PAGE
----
I’m no avid sports fan, but it might well be the Matildas that change that.
These amazing women have gotten further in an international competition than any other Australian soccer team ever has – including the blokes. They face the World Cup quarter finals this weekend and could reach even greater heights.
Through their incredible success, they have generated a long-overdue national conversation on gender equality in sport.
It’s a shame it’s taken a breakthrough win to shine a light on the discrimination sportswomen face every day.
Even in this day and age, female athletes still receive a fraction of the pay, coverage and sponsorship of their male counterparts.
As has been discussed in the mainstream media, the Matildas are paid about one quarter of the national average Australian worker’s salary and many juggle their full-time training with other work.
Even more starkly, the Matildas are paid $500 for each international game they play, while the Socceroos are paid $6000 for international games.
So the blokes are getting paid 12 times as much!
This week, I received multi-partisan support when I put a motion to the Senate highlighting this gross pay inequality and the need for urgent action to address it across sports.
It’s obviously not just in soccer that these double standards exist.
Remember when Basketball Australia flew their men’s team business class, while the Opals were relegated to premium economy?
And have a look at the top 50 earners in Australian sports – only two are women, Stephanie Gilmore at 39 and Karrie Webb at 50.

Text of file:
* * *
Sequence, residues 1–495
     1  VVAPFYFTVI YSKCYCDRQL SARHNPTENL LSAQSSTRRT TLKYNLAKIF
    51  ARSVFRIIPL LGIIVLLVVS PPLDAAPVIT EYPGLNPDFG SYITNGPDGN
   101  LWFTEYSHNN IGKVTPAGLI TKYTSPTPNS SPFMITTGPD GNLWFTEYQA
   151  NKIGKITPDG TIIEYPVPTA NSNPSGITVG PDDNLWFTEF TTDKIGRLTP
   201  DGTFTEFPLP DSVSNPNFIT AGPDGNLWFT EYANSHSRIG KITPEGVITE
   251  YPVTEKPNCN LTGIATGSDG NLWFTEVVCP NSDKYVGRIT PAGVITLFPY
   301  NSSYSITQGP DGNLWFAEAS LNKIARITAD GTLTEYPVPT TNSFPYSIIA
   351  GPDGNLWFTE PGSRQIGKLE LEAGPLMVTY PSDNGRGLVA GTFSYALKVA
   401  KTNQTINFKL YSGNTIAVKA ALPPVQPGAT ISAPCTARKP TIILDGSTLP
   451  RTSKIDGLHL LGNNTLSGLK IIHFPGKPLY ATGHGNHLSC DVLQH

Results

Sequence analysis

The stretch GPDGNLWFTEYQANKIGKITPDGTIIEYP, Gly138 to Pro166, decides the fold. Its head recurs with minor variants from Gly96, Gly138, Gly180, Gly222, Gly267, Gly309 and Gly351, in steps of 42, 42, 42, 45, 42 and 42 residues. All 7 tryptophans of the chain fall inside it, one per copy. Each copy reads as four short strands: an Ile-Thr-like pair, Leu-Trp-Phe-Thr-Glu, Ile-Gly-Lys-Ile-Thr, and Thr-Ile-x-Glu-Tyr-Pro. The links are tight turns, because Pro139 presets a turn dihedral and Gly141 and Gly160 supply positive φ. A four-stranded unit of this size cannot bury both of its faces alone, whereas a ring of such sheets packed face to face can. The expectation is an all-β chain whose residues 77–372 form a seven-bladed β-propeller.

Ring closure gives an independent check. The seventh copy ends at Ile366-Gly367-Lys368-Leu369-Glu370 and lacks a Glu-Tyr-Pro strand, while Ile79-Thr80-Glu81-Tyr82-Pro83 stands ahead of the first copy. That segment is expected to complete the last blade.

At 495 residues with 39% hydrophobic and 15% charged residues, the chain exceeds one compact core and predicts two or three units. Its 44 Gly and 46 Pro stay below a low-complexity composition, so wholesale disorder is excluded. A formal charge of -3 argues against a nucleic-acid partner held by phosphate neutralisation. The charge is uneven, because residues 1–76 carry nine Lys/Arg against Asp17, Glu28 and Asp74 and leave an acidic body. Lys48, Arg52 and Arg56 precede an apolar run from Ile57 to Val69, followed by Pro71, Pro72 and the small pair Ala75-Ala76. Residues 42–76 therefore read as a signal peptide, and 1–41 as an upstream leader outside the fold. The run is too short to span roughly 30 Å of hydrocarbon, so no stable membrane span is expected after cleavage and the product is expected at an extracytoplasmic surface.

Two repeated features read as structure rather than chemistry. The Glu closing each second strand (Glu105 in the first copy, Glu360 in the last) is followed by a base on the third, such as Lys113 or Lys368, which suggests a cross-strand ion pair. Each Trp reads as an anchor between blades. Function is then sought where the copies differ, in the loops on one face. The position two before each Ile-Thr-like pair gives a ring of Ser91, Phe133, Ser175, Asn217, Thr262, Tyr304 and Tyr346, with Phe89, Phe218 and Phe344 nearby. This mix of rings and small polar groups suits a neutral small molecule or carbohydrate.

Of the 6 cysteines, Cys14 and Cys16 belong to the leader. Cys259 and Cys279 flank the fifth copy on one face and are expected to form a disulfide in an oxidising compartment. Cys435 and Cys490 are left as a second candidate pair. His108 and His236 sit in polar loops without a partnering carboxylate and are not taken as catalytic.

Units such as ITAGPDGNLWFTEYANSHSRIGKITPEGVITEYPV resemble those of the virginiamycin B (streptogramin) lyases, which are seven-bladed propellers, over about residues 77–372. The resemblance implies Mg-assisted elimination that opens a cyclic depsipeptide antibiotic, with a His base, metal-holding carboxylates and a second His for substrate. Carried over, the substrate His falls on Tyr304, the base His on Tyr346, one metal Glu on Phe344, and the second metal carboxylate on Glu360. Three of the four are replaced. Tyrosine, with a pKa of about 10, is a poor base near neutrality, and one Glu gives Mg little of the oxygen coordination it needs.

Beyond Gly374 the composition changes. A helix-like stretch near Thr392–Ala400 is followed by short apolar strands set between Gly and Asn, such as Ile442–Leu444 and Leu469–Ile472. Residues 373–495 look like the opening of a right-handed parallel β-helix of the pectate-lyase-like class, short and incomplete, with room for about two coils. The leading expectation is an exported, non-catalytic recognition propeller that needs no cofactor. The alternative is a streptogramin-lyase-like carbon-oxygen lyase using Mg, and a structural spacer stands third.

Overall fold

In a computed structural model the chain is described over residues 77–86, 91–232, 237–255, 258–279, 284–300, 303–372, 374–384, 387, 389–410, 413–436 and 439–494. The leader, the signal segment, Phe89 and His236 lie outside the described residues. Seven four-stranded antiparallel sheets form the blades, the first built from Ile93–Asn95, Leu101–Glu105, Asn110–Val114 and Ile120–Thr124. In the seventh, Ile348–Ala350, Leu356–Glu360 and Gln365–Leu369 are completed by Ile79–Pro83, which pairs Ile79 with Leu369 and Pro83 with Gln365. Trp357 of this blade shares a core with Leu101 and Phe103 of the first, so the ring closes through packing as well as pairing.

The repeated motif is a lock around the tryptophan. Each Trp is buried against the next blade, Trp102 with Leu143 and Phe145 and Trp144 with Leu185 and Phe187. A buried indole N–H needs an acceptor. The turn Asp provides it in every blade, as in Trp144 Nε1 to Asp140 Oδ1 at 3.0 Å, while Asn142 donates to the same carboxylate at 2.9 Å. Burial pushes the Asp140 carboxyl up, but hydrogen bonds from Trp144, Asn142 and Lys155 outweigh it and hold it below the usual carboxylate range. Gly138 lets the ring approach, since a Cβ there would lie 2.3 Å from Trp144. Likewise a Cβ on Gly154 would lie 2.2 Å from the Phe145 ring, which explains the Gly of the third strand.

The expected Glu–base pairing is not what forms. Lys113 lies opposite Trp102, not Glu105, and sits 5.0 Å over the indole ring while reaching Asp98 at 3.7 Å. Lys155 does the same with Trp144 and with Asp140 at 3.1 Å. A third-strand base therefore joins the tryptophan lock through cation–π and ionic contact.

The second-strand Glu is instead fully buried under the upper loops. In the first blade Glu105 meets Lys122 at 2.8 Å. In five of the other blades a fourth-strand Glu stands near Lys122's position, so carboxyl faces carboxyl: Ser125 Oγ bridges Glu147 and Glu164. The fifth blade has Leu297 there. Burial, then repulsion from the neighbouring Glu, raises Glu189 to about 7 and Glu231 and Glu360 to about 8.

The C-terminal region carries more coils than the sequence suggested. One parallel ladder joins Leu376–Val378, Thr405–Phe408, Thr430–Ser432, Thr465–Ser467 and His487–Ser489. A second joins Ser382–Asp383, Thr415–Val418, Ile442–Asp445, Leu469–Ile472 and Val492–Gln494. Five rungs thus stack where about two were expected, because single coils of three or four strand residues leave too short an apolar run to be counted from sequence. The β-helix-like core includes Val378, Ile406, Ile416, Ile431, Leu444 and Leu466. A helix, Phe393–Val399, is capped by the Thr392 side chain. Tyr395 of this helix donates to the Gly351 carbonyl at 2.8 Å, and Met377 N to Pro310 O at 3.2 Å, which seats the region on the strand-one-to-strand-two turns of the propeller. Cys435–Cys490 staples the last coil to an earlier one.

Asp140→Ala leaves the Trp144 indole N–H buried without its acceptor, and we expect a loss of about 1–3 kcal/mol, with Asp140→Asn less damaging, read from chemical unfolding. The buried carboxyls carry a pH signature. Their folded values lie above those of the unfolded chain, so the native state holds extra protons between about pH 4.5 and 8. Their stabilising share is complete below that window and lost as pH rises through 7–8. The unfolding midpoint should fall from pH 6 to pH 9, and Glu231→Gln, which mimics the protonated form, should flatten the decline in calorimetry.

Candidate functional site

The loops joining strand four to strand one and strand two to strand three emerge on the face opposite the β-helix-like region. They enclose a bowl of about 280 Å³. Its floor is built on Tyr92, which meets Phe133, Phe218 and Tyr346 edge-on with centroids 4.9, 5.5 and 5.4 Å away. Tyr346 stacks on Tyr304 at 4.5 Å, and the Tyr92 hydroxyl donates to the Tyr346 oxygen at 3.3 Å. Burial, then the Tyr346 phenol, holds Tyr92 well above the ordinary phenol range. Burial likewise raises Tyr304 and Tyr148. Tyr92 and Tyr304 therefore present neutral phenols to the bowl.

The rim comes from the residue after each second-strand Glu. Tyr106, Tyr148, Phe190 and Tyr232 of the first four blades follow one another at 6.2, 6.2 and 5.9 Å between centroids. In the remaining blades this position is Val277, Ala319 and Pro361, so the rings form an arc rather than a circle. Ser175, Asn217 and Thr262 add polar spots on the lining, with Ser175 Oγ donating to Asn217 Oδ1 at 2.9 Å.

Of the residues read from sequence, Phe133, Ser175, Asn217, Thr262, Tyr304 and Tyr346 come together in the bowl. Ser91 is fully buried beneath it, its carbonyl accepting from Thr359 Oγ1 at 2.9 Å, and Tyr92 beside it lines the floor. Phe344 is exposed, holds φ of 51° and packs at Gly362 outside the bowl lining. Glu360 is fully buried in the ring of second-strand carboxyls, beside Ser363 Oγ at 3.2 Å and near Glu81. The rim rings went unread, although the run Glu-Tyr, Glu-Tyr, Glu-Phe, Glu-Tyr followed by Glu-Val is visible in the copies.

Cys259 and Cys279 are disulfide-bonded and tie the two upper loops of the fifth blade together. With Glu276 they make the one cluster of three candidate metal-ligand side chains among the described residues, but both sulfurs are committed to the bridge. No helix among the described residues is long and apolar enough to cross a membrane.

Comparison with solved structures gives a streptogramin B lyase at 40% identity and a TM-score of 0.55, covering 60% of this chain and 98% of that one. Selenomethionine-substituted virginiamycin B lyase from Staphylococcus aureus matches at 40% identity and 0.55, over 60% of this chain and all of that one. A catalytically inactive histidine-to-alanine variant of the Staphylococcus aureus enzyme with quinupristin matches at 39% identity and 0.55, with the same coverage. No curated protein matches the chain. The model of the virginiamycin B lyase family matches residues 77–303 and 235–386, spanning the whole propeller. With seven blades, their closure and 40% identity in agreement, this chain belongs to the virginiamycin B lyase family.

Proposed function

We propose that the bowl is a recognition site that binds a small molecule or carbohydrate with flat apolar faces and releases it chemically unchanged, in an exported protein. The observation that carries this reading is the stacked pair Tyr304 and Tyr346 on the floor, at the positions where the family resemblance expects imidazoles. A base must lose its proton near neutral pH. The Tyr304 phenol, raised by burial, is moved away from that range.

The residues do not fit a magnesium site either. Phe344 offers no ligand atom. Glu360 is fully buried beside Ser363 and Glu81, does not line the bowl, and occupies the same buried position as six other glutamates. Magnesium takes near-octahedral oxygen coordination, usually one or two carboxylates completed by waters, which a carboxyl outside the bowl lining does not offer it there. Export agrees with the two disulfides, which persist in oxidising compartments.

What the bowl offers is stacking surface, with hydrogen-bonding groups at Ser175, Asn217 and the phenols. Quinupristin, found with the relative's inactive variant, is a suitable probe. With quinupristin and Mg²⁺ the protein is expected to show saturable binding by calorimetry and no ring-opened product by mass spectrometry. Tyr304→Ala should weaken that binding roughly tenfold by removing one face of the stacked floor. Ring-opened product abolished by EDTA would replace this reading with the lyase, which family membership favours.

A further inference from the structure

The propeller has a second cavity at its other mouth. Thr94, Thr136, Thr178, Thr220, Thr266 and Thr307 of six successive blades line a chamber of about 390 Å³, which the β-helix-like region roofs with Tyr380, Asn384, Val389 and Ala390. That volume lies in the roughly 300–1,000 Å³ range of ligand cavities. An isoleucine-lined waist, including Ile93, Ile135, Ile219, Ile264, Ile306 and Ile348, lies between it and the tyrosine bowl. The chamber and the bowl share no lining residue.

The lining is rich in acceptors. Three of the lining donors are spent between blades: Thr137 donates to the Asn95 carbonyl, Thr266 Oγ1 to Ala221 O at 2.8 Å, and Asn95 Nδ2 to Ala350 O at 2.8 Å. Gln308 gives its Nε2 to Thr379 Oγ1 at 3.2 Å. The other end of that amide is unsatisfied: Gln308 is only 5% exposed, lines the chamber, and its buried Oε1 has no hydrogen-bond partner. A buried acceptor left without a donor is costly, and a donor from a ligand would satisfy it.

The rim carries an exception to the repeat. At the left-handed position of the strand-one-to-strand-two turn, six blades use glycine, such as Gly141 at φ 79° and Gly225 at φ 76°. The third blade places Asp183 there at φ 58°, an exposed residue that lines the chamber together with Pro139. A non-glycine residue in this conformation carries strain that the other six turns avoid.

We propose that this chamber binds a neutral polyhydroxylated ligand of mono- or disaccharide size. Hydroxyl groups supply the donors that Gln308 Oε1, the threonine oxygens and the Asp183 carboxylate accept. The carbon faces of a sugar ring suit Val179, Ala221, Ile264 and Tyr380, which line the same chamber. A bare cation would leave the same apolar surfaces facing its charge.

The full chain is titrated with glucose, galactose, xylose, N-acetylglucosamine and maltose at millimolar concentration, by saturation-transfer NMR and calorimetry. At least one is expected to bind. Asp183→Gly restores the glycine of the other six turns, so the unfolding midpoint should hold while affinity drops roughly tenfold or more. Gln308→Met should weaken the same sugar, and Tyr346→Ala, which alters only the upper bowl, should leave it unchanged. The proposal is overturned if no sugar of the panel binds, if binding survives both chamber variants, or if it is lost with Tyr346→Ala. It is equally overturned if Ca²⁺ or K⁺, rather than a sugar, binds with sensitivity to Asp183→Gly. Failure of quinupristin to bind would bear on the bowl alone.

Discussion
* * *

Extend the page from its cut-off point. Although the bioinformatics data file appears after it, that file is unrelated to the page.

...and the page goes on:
How has this inequality been allowed to fester into a situation where today our sportswomen are being paid in the tens of thousands while the men earn millions?
Sadly, I believe stereotypes and sexism are at the heart of it.
Sexist jokes about watching women’s sport still rear their ugly heads. And stereotypes about women’s athletic ability kick in at a young age, as explored in this ‘Run like a girl‘ advertisement that went viral last year
Outdated attitudes condoning inequality feed into the paltry amount of media coverage women’s sport receives, although some research does show there’s demand from both female and male audiences for more coverage of women’s sport.
A recent study by the Australian Sports Commission found women feature in only 7% of sports programming in Australia.
And the most alarming thing is that this is actually a decrease from the 11% of programming women’s sport received a decade ago.
Just like the overall gender pay gap in Australia, we’re sliding backwards on equality indicators in sports.
Women deserve equality in all fields and we need to arrest these deeply concerning trends.
Although it shouldn’t have to, the sensational success of the Matildas is helping to do just this.
All power to these amazing athletes! Fingers and toes cross for a quarter final win on the weekend!